Written by:Kristen A. Schmitt
Photo credit: Dreamstime
Colorado officials are searching for the culprits behind two dead mule deer last month. While both deer appear to have been killed during muzzleloader season, which ran Sept. 12 to Sept. 20, meat was left to waste and Colorado Parks and Wildlife (CPW) wants to know why.
According to Channel 9 News, the first case happened on Sept. 13 when CPW officers discovered a dead doe on Mad Creek Road in Game Management Unit (GMU) 38. The deer’s hindquarters and one front quarter were removed, leaving behind the loins and another front quarter. The second deer was discovered by a “concerned youth hunter” who reported a headless buck in the Jones Pass area of GMU 39. When CPW officers investigated, they discovered that the head, loins, tenderloins and other “portions of meat” had been removed, but “both front quarters were left to rot.”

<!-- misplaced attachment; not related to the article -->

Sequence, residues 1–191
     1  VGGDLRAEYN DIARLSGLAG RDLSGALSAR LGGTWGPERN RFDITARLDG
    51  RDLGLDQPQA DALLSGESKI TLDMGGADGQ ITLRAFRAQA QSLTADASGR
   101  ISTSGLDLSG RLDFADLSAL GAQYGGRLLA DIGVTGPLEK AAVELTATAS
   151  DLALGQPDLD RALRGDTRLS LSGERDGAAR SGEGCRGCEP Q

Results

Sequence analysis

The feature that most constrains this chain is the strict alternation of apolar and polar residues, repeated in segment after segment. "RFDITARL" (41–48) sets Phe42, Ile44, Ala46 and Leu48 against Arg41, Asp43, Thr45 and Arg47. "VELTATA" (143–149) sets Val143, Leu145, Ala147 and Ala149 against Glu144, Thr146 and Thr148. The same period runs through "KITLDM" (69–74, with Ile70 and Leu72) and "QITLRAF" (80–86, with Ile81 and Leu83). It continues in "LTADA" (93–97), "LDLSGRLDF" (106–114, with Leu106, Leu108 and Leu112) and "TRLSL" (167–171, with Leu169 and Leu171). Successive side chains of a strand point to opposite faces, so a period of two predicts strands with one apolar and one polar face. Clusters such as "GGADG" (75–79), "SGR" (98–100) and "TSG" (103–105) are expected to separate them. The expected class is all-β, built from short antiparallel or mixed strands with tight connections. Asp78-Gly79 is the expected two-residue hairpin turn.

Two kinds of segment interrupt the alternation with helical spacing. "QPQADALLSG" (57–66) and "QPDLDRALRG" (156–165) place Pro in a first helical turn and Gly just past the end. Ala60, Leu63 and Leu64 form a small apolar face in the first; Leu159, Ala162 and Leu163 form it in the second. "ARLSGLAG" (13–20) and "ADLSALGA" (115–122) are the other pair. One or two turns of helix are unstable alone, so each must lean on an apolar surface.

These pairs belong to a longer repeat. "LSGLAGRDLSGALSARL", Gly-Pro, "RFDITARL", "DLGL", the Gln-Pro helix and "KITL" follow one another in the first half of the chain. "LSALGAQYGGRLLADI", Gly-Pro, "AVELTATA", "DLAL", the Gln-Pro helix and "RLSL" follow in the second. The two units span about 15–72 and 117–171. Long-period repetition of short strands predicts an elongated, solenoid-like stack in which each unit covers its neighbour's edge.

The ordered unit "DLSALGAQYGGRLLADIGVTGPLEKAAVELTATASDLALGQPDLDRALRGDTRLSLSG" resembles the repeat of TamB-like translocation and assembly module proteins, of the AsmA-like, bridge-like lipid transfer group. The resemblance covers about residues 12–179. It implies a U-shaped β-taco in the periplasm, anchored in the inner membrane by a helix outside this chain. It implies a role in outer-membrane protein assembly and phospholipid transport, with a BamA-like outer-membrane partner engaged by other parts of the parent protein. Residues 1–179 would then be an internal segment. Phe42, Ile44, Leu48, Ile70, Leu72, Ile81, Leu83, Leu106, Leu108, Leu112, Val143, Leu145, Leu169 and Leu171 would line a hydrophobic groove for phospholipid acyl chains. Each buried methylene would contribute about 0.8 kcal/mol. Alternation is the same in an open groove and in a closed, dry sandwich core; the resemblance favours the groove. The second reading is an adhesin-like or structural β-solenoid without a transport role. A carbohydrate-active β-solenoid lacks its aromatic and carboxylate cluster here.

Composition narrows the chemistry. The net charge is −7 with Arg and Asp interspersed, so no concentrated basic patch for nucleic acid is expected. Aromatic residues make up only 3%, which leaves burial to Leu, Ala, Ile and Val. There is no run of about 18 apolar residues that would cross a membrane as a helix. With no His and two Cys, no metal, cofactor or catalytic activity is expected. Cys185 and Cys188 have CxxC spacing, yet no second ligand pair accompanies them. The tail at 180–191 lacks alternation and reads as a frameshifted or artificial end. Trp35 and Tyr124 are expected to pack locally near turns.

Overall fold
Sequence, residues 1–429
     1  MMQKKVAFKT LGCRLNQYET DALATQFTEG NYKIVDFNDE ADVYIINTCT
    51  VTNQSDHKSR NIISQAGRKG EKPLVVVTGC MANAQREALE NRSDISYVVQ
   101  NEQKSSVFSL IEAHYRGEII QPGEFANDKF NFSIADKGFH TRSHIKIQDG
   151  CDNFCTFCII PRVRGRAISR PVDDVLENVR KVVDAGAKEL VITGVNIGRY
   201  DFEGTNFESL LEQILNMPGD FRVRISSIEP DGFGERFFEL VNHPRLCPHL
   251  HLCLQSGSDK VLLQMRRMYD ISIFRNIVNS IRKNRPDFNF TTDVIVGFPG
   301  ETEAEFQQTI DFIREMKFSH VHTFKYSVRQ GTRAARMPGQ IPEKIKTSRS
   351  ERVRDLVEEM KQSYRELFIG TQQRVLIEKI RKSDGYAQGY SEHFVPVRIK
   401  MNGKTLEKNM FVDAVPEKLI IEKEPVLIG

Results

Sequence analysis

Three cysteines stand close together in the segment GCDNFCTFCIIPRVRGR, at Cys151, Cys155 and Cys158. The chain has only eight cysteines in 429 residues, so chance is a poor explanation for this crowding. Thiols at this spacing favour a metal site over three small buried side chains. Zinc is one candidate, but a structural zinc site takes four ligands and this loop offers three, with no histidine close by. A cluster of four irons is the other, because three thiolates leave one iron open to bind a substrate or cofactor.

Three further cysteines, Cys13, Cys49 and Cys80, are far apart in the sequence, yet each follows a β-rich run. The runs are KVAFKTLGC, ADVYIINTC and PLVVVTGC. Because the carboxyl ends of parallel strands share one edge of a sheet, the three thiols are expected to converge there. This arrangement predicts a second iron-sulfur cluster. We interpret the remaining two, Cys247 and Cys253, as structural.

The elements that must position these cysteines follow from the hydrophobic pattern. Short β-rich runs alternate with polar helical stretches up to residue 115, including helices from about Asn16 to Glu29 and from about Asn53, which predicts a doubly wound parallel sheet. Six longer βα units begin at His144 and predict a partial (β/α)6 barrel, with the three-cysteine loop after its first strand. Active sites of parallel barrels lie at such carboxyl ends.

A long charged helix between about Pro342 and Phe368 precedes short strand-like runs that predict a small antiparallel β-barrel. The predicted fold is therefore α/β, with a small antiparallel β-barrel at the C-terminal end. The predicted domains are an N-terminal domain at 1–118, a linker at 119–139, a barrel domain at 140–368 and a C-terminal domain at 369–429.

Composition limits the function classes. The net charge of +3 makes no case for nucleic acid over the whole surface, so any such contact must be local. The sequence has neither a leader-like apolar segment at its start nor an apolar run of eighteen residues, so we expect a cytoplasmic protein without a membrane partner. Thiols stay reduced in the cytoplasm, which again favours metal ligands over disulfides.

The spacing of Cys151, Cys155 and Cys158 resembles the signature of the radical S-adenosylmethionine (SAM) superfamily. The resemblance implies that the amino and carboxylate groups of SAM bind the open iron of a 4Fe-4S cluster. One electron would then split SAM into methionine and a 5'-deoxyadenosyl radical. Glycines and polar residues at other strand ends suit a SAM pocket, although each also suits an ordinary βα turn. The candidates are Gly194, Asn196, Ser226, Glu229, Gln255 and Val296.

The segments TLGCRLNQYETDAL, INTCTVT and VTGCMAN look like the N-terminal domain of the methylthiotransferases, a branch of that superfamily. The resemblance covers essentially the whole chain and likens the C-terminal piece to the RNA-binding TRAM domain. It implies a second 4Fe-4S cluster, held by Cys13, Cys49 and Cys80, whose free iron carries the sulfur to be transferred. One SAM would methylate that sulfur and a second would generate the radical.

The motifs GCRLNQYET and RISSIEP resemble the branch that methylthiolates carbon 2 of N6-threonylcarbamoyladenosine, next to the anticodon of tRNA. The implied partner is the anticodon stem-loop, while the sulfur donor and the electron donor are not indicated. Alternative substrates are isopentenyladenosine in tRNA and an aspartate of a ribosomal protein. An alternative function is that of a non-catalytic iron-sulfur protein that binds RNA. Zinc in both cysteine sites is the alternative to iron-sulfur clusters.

“Hunters are legally required to make every reasonable effort to care for and provide for human consumption the edible portions of harvested game animals,” said CPW wildlife officer Joe Nicholson said. “In both of these cases, the perpetrators showed a legal and ethical disregard for Colorado’s wildlife resource.”
If anyone has any information regarding either case, contact CPW’s Denver office at 303-291-7227 or the Operation Game Thief hotline at 877-265-6648 or at firstname.lastname@example.org.